Wednesday, May 16, 2007

The Colonel Gets Another Makeover

(LOUISVILLE, KY) Kentucky Fried Chicken is test-marketing yet another image change in select cities across the US. With a rearrangement of their letters to FKC and a drastic update of the beloved icon Colonel Sanders, the company says it’s all about attracting the crowd most known for frequenting fast food franchises.

“Appealing to busy families on the go might work in small town and rural America, but we’ve seen a trend in the chain's more urban markets,” said Jane Marquette, a partner in the advertising agency BSF+U. “When we visited KFC outlets across America, there was an overwhelming trend we could not ignore; many of the restaurant’s clientele were stoners, skaters, emo kids and blue collar guys on their lunch breaks.”

In San Diego, the image change has been viewed very positively; with local sports radio stations urging listeners to frequent the stores.

“F KC! That’s what it’s all about, man!” said Tug McBohner, host of the drive time sports show Chargers or Death. “We HATE Kansas City here. F them is right!”

Marquette insists the name change has nothing to do with the city of Kansas City and says it’s more about projecting an attitude that appeals to the modern fast food diner.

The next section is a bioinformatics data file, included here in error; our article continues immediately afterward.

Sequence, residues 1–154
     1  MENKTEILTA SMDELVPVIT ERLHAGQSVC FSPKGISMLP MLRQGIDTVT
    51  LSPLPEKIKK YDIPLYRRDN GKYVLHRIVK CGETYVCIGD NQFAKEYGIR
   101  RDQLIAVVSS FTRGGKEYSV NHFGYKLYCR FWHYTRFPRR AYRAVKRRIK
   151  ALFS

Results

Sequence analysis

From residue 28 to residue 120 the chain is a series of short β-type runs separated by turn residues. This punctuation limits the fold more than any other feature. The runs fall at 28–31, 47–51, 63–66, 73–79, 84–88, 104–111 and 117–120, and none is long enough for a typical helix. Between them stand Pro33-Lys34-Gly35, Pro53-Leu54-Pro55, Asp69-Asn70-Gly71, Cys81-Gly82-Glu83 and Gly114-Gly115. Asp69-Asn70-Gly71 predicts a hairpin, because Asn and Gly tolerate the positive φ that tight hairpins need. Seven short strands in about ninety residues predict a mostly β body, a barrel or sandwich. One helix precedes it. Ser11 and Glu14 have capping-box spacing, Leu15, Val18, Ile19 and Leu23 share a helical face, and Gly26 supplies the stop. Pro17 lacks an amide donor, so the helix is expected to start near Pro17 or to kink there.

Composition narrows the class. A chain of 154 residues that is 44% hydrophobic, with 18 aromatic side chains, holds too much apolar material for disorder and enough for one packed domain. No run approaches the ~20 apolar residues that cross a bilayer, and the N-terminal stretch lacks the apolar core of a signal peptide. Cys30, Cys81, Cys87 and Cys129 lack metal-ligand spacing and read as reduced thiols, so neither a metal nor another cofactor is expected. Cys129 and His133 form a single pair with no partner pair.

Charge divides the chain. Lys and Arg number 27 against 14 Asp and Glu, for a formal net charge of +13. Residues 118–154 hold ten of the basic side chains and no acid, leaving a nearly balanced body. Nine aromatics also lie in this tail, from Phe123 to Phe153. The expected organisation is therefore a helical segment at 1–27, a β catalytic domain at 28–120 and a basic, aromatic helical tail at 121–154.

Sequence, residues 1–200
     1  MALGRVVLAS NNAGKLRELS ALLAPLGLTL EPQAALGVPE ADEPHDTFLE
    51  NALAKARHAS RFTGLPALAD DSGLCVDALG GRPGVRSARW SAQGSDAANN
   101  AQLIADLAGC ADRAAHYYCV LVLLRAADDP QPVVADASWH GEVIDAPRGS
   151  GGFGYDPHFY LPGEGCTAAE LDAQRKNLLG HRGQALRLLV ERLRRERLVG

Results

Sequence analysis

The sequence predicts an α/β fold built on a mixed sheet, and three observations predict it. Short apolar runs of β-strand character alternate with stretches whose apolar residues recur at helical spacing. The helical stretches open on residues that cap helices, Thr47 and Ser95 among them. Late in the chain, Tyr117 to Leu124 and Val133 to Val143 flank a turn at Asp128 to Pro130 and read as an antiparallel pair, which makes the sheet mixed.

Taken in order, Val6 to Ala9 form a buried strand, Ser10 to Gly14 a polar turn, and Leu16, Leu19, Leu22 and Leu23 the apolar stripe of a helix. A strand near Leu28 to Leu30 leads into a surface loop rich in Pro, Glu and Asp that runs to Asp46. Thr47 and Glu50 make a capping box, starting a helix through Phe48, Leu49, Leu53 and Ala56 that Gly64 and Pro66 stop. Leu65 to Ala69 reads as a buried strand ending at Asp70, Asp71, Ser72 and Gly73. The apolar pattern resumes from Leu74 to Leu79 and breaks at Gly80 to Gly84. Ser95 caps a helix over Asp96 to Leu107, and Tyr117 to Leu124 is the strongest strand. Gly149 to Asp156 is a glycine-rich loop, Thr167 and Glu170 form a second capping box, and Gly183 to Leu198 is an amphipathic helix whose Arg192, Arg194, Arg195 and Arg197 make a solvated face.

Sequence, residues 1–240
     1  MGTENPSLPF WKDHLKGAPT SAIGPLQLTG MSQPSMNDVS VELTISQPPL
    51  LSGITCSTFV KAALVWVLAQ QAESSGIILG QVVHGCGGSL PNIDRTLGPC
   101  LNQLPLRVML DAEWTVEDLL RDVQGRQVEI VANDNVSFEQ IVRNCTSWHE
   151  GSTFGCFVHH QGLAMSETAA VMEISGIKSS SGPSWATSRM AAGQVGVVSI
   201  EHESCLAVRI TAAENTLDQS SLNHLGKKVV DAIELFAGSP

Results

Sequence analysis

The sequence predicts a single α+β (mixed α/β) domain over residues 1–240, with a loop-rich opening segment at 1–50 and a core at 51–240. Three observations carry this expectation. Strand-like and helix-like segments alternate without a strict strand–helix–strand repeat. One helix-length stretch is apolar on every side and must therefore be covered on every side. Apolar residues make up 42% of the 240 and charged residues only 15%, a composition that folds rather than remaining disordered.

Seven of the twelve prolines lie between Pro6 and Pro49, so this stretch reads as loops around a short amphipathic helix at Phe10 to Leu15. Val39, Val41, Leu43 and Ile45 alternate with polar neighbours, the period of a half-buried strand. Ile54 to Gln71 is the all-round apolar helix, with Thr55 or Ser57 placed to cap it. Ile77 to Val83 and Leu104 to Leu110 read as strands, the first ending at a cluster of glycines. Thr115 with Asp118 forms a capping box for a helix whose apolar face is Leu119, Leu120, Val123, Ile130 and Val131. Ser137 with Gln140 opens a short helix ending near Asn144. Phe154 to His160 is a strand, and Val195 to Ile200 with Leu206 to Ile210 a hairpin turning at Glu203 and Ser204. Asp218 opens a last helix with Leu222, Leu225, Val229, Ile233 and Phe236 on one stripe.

“The name means Fried Kentucky Chicken, obviously, but it can be viewed in any way a patron wishes. That’s part of the edginess of the campaign,” said Marquette. “We are fully aware of what F means, and our targeted demo understands the wink and the nod we’re giving them. We’re making Kentucky Fried Chicken cool.”

As for the makeover of the Colonel, Marquette says that was a tough sell for KFC brass.

“He’d only recently received a pretty dramatic makeover, so their squeamishness at letting us alter him even further was understandable. But when we showed them a random sampling of photographs of their own employees, who look very much like they might be the new Colonel’s partying buddies, they relented. He's a little menacing, perhaps even scary, but our studies are showing that the kids look up to him much more than they did the kindly old grandpa in the apron.”

Marquette predicts that other fast food chains will mimic KFC’s efforts.

“They’re already after the same group with their Do Wendy’s and Fourth Meal and I’m Thinkin’ Arby’s campaigns. It’s all about the hipster kids with the munchies and some money.”

Disclaimer: Please, do we really need a disclaimer here?

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